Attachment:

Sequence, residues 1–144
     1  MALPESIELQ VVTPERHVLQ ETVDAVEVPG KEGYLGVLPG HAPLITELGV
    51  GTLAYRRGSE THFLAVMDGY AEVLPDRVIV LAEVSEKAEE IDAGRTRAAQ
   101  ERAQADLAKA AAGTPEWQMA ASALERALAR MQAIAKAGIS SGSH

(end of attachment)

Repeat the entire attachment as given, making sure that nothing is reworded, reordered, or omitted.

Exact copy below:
Sequence, residues 1–144
     1  MALPESIELQ VVTPERHVLQ ETVDAVEVPG KEGYLGVLPG HAPLITELGV
    51  GTLAYRRGSE THFLAVMDGY AEVLPDRVIV LAEVSEKAEE IDAGRTRAAQ
   101  ERAQADLAKA AAGTPEWQMA ASALERALAR MQAIAKAGIS SGSH